Total Costs–The total of all ownership and operating costs can be used to estimate a rental charge for the whole year or a portion of the year. If a structure or piece of equipment is rented for less than a full year, and can be rented to someone else for the rest of the year, the annual ownership cost estimates should be reduced proportionately. If the facility realistically can be rented only once a year, as in the case of a grain bin, the rent should reflect ownership costs for a full year. Alternatively, the total can be divided by a typical annual production level to estimate a charge per unit of production or use, such as the cost per pig finished.
Keep in mind that many structures may not attract sufficient rent to pay for all ownership and operating costs, due to their fixed location or a low demand for their services. However, rental rates should at least cover operating costs and added wear to make it worthwhile for the owner to enter into a lease. Thus, the operating (variable) costs is often viewed as a lower bound when negotiating rent.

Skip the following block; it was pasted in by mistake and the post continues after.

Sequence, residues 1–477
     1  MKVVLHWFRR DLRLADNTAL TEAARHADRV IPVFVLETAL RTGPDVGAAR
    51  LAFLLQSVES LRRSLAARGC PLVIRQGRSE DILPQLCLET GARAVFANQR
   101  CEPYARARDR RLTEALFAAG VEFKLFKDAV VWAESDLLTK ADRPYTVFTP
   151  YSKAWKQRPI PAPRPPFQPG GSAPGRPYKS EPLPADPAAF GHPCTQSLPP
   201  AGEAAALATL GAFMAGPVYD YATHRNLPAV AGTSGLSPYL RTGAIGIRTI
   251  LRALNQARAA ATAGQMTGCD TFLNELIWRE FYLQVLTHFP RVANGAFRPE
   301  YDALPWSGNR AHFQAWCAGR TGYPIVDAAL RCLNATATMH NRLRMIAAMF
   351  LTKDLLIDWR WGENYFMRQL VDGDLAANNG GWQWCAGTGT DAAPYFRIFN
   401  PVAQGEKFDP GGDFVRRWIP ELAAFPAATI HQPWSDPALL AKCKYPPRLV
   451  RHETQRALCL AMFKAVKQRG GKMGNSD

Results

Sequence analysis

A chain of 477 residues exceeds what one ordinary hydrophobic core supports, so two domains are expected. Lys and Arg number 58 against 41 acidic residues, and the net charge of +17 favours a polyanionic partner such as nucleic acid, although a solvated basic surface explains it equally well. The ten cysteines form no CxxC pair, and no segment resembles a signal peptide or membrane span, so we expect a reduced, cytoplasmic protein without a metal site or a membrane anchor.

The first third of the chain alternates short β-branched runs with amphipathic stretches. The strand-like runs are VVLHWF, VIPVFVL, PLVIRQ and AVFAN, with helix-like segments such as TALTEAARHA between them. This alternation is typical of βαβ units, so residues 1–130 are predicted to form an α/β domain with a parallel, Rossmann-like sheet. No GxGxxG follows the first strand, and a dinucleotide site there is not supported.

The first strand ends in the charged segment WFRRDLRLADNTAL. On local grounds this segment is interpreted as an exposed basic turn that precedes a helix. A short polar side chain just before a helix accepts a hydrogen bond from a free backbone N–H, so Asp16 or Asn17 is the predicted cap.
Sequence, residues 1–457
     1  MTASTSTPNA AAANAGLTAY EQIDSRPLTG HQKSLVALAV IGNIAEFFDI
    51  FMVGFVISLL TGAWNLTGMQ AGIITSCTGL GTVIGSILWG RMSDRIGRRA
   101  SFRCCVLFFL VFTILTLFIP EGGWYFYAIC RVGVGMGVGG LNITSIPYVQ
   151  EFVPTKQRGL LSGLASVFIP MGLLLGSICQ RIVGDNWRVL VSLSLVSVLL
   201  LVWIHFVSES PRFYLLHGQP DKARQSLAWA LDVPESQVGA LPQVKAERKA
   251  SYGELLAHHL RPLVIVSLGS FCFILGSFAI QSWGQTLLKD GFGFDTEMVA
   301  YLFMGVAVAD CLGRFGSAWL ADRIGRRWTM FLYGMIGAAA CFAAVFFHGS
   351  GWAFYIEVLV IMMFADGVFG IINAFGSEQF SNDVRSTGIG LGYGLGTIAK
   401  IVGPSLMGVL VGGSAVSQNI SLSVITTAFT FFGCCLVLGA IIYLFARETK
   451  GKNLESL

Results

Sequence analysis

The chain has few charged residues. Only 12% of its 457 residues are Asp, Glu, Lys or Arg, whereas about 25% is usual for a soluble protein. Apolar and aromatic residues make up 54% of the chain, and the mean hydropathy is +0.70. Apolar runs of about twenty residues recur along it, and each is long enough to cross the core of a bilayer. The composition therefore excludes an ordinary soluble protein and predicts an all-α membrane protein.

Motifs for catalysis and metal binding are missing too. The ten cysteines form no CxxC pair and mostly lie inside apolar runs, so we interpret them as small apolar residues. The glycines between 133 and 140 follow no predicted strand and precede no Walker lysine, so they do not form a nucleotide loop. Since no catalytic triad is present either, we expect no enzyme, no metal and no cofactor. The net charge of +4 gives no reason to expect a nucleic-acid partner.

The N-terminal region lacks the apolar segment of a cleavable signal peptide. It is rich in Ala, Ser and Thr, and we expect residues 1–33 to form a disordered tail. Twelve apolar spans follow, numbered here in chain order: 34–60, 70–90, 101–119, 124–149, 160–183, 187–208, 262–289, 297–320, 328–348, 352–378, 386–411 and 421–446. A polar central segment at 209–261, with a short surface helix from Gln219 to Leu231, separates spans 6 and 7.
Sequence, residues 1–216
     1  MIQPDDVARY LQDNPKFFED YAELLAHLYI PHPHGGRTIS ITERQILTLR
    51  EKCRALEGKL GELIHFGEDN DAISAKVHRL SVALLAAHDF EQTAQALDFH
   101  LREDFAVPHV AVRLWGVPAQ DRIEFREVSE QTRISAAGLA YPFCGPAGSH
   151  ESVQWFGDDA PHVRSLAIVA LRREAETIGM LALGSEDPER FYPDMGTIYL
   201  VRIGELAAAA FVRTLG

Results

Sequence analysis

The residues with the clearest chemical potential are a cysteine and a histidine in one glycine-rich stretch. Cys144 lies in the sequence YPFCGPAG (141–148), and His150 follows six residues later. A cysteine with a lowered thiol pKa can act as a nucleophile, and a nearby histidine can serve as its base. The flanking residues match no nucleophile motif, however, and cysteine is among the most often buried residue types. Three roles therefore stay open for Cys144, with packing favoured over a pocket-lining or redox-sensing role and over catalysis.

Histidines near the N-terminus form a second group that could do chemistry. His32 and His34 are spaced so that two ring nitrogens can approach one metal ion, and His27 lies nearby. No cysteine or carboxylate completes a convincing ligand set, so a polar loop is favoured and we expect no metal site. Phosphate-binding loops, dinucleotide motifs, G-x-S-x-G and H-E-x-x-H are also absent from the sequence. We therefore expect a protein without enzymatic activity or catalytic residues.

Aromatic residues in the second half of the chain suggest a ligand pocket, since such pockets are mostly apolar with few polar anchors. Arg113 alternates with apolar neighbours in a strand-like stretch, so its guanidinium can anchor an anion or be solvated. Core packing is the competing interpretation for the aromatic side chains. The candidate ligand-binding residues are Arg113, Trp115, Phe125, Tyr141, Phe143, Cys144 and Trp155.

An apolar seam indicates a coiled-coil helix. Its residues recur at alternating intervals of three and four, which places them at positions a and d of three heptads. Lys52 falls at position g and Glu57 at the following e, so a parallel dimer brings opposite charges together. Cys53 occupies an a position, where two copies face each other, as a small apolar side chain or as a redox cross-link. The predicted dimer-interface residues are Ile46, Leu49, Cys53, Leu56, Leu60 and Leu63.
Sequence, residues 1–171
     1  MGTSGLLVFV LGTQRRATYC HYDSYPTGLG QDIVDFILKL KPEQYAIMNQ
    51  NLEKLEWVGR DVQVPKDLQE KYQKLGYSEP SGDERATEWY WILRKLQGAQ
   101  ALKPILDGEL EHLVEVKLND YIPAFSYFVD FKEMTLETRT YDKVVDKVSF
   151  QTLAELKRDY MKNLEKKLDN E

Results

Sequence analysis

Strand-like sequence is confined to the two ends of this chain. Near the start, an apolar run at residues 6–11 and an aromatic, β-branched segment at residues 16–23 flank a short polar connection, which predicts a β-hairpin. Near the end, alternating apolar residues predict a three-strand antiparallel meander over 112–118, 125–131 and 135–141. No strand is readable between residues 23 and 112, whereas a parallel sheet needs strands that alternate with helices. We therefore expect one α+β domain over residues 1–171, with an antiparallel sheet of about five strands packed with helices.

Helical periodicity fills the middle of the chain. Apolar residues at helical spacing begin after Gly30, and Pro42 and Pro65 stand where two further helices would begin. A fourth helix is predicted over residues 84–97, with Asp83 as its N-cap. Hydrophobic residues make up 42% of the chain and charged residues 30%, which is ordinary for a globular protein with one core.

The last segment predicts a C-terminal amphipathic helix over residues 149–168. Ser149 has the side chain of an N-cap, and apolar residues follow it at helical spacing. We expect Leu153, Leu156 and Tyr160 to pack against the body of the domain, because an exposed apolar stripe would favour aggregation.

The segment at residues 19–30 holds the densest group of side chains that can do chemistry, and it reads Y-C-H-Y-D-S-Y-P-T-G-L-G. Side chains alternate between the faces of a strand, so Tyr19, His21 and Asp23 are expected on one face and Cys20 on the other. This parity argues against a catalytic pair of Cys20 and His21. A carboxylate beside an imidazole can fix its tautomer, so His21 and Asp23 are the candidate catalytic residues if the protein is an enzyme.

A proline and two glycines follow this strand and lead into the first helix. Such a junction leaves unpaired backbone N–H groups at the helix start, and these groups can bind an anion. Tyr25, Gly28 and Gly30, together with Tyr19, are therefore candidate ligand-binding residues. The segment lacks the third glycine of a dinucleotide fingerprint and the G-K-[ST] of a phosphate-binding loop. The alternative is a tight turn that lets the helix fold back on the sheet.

When selecting or negotiating with a potential tenant, characteristics such as reliability, experience, honesty, financial condition, availability, possession of skills and equipment for making repairs or improvements, and likely longevity should be considered. A lower rental charge may be acceptable in exchange for strong performance in these other areas.
In some cases the same service being offered by the owner may be available from a commercial source at an established price. An example is storage for grain. A tenant may not be willing to pay more for grain storage than the rate at which it can be obtained at a local elevator, unless convenience is a factor. In fact, on-farm storage rates tend to be below commercial rates because the operator must assume the risk of loss, perform the labor and management functions, and use loading and unloading facilities which may be less convenient. Nevertheless commercial rates serve as an unbiased reference that reflects current costs as well as and supply and demand conditions of a close substitute or alternative for the facility being considered.
Property rental agents can help determine an appropriate rental rate for a farm home or other buildings. Additionally, commercial livestock companies often pay standard rates for the use of feeding facilities.